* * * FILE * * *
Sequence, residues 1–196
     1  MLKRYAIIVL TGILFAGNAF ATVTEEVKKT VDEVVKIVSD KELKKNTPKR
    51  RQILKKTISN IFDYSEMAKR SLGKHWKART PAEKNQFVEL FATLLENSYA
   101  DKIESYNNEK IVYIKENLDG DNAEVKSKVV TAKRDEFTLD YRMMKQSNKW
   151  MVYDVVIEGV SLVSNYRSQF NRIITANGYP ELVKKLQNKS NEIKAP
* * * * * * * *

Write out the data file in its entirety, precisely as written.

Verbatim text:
Sequence, residues 1–196
     1  MLKRYAIIVL TGILFAGNAF ATVTEEVKKT VDEVVKIVSD KELKKNTPKR
    51  RQILKKTISN IFDYSEMAKR SLGKHWKART PAEKNQFVEL FATLLENSYA
   101  DKIESYNNEK IVYIKENLDG DNAEVKSKVV TAKRDEFTLD YRMMKQSNKW
   151  MVYDVVIEGV SLVSNYRSQF NRIITANGYP ELVKKLQNKS NEIKAP